The battle against obesity is viewed as an important step toward improved physical and mental well-being as well as a key element for control of future health care costs.
In America, over a third of adults are obese with the condition increasing the risk of diabetes and heart disease and shortening the life span.
New research published in the open access journal International Journal of Behavioral Nutrition and Physical Activity shows that improving body image can enhance the effectiveness of weight loss programs based on diet and exercise.
Spanish researchers enrolled overweight and obese women on a year-long weight loss program. In the control group, half the women were given general health information about good nutrition, stress management, and the importance of looking after yourself.
The other half attended 30 weekly group sessions (the intervention plan) where issues such as exercise, emotional eating, improving body image and the recognition of, and how to overcome, personal barriers to weight loss and lapses from the diet were discussed.
Among the women who received the intervention, body perception improved as participants were less concerned about their body shape and size.
Women with an improved body image were also better able to self-regulate their eating and lose weight.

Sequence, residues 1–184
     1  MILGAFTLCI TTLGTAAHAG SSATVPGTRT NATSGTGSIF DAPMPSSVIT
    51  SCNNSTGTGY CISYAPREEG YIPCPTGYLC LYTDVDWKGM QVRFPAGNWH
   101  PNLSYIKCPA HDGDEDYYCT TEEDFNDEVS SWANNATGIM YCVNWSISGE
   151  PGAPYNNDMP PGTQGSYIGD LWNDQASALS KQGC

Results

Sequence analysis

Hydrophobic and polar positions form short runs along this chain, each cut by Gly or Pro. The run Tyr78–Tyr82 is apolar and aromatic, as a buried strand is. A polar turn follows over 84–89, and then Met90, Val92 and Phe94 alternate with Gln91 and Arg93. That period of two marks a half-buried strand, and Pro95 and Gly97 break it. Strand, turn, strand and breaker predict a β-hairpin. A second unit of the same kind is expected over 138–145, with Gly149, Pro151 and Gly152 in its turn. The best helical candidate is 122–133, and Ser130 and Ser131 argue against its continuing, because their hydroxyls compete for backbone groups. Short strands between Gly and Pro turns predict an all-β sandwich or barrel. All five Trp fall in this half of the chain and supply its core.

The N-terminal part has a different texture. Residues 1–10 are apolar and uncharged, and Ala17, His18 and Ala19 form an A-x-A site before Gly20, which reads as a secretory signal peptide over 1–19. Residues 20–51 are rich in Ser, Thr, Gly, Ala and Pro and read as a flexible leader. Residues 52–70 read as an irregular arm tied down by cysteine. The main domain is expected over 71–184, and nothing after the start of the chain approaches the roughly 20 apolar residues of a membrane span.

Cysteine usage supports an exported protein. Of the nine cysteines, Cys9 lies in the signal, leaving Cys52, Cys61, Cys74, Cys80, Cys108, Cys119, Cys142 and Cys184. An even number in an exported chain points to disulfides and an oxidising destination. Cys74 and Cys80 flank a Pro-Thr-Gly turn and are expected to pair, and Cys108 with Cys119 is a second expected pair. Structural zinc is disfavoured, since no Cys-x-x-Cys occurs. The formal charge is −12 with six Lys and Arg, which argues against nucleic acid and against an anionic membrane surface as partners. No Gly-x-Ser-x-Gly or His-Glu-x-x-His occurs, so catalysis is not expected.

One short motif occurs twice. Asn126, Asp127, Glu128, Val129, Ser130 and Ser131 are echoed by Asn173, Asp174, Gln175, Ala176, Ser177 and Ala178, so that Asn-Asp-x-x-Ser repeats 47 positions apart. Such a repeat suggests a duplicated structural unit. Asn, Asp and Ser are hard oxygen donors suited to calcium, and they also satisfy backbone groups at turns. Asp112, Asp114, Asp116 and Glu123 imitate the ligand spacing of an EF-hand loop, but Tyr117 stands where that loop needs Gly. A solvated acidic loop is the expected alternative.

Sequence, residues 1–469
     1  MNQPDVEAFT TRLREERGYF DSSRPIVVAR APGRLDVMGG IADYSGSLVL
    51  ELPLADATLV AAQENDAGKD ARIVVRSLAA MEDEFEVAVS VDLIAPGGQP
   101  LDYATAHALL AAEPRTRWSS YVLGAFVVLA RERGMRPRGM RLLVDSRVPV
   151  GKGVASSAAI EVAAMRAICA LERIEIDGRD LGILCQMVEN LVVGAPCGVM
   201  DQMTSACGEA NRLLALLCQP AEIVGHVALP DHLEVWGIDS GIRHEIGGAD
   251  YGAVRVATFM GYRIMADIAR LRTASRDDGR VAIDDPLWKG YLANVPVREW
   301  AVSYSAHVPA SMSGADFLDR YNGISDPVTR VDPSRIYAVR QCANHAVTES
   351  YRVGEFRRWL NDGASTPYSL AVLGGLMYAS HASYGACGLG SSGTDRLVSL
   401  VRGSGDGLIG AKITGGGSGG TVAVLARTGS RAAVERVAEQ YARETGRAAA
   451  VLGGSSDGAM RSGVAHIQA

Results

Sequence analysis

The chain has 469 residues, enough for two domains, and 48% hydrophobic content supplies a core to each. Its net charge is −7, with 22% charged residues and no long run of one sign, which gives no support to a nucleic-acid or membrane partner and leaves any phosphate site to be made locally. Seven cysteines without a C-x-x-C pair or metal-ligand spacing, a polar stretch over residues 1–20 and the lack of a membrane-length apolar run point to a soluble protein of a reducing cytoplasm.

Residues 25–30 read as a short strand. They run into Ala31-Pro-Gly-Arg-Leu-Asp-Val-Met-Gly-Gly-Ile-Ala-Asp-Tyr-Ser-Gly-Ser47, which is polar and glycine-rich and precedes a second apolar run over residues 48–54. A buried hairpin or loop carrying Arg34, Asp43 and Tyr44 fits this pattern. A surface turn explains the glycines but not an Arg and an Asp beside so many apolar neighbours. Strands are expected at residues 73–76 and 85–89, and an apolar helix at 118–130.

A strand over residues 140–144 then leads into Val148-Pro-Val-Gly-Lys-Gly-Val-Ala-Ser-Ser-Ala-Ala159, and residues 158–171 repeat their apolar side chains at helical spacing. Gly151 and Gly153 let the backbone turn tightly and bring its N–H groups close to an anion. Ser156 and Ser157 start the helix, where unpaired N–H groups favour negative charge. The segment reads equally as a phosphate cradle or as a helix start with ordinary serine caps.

This group lost much more weight than the comparison cohort, losing on average 7 percent of their starting weight compared to less than 2 percent for the control group.
Pedro Teixeira, Ph.D., from the Technical University of Lisbon, who led the research, said, “Body image problems are very common amongst overweight and obese people, often leading to comfort eating and more rigid eating patterns, and are obstacles to losing weight.
“Our results showed a strong correlation between improvements in body image, especially in reducing anxiety about other peoples’ opinions, and positive changes in eating behavior.
“From this we believe that learning to relate to your body in healthier ways is an important aspect of maintaining weight loss and should be addressed in every weight control program.”
Source: BioMed Central